After lunch, we did a little window shopping on Pearl St. Mall, Boulder’s main shopping drag, before heading home to meet up with my now married friend and his new wife for some drinks and tapas before they left for their Hawaiian honeymoon the next morning. Always welcoming an insider’s look at a city, we accompanied them to Linger, the latest trendy restaurant in Denver, which was converted from a mortuary.

The new owners manipulated the large neon sign atop the building, formerly “Olinger Mortuaries,” to read “Linger Eatuaries.” I was expecting a ghoulish theme: cocktails named Witch’s Brew and dishes like Spooky Spaghetti. But it was surprisingly polished inside. The only remnants I noticed from the former morgue were the dinner tables, flat glass placed on top of rolling metal cylinders I’d guess were once used to slide corpses back and forth; and brown glass water pitchers, which ostensibly were meant to resemble old embalming fluid bottles. The menu was separated by continent, featuring three or four dishes from each of Asia, North America, Europe, etc. The food was tasty, though it seemed as if their global menu was an afterthought: I assumed most people were coming for the décor and the atmosphere, not the cuisine.

For Day 3, we had planned a trip to Fort Collins to take a tour of the New Belgium brewery. I’ve had their  Fat Tire Amber Ale a few times while visiting relatives in Arizona and Las Vegas, but had never seen it sold in New York (rookie mistake: calling it “Flat Tire,” which I did several times when I first discovered it). But after checking the New Belgium website, we found out their tours were booked for a month solid.

Plan B was a second trip to Boulder, this time hiking up the Flatirons in Chautauqua Park. The woman working behind the desk at the Ranger Station mapped out a couple of trails for us and lent me a used water bottle from a box labeled “Clean Water Bottles”—a woman who worked there regularly brought these home to wash in her dishwasher. (Note: I would never agree to drink from a used water bottle in a visitor’s center in New York City, but in Colorado, it was copacetic.)

The hike was challenging but worth the view at the top. Along the way we came across serious hikers with those little backpack-straw contraptions (the hiker’s answer to the beer helmet), families, and lots of dogs. When I struggled slightly on the rock scrambles or particularly steep sections of the climb, I would talk myself into picking up the pace: Dogs and children are doing this trail. Man up. When that didn’t work, I blamed the altitude. I always forget that the difficulty ratio of hiking uphill versus downhill isn’t like Chutes & Ladders. Each step of a downhill hike is deliberate and soft, like sneaking in after curfew.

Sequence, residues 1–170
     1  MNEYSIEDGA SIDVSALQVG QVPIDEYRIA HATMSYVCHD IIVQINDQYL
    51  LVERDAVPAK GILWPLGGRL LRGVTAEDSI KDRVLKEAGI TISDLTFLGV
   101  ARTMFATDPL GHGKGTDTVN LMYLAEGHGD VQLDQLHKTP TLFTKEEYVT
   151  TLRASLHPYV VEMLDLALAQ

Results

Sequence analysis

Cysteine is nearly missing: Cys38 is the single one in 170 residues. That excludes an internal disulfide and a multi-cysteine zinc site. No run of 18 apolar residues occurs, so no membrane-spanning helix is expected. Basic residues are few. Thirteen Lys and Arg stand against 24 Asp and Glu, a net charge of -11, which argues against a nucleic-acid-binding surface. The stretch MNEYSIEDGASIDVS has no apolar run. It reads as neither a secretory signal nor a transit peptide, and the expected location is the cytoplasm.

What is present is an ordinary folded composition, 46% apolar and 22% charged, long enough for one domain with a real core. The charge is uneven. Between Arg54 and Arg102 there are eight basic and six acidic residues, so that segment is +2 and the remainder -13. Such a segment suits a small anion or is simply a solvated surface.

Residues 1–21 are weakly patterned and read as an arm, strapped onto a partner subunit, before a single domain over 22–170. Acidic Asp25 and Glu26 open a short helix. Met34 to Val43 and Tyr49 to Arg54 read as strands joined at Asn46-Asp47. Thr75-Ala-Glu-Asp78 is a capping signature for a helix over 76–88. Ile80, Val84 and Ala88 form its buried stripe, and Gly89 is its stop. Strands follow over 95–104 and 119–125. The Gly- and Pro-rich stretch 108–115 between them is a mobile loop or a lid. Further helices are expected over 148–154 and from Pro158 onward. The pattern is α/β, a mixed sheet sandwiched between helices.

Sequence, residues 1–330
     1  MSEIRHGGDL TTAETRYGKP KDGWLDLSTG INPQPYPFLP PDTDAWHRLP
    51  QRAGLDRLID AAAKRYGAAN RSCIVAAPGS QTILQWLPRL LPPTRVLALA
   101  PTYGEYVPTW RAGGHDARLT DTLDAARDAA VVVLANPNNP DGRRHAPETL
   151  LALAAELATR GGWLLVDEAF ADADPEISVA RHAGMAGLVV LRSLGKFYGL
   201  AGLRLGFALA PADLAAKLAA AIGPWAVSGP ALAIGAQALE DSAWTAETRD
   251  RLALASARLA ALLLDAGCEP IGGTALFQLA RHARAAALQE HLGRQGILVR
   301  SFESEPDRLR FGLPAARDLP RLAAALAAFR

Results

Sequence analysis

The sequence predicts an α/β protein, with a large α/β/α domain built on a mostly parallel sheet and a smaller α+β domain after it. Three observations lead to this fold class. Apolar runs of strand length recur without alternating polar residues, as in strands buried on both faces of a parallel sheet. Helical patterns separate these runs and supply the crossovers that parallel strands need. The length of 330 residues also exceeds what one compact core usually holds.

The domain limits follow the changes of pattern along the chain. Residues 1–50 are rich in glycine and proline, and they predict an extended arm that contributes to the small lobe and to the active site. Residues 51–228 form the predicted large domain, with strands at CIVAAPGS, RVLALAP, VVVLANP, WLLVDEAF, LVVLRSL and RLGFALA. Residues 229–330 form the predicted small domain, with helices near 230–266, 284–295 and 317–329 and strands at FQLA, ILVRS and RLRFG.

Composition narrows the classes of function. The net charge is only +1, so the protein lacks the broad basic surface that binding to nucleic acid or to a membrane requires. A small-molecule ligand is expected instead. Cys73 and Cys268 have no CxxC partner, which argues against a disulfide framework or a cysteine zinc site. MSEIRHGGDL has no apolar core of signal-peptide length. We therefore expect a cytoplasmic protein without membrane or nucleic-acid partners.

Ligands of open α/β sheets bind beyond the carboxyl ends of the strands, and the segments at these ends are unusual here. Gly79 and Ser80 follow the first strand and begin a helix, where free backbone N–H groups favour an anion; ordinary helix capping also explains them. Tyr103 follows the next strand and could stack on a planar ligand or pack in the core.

With New Belgium struck from our agenda, we were still feeling like a cold beer after our hike so we Yelped a list of local breweries and Twisted Pine Brewing Company came up. We recognized the name from Linger’s beer list the night before, and sought out its headquarters, which turned out to be an easy-to-miss building in an industrial park a mile and a half off Pearl Street. After perusing the seasonal beer list, we decided on a grilled cheese sampler: four sandwich halves (different cheeses on each) and four 5 oz. beer samples ($8 total).

Twisted Pine looks like a small operation from the outside, but it’s actually been brewing since 1995. And oddly enough, its owner, Gordon Knight, started brewing after he acquired some of New Belgium’s original equipment. The brewing is done on site, but they don’t give tours (we asked)—though if you look right when you come out of the restrooms, you can see the brewers working. Twisted Pine, according to their site, is now being sold in Colorado, Texas, and Louisiana. So while I’ll probably have a tough time finding it in New York City, their Blueberry Blonde was the perfect summer afternoon beer. After lunch we made a quick trip back to Pearl Street to pick up souvenirs at Jackalope and Company and then headed back to the hotel.

For our last night in Denver, my girlfriend arranged to have dinner and drinks with some family friends she knew from back East who had moved to Colorado recently. But we had a little time to kill in between, so we stopped in at the hotel’s “manager’s reception,” a free happy hour for hotel guests. It was also a chance to watch the Shriners kick back a little. One hotel staffer told us that about 15,000 of these Shriners—an international “fraternity based on fun, fellowship and the Masonic principles of brotherly love, relief and truth”—were in Denver for their 137th Imperial Council Session, which explained all the white-haired gentlemen in the tall maroon hats. Much like the altitude, the preponderance of Shriners became an incidental scapegoat for any snag in our own plans, such as a minor traffic jam. (On several occasions, I found myself angrily muttering, teeth gritted: I swear to God, if I see one more Shriner… Still, based on their gumption at the manager’s reception, it seemed like they were all about having a good time, which made me wonder what the hell they were doing in the Denver Convention Center six hours a day for four days straight.)

When I say that Colorado was exactly what I expected, it sounds like an insult, but that’s not how I mean it. Perhaps instead, I should say it was every bit as good as I thought it would be. I don’t know how likely it is that we’ll move to Colorado any time soon—though our newly married friends gave us the hard sell—but I’m already hatching a plan to visit again: if I become a Shriner, odds are they’ll be back in Denver some time in the next 50 years. Now all I need is a fancy hat.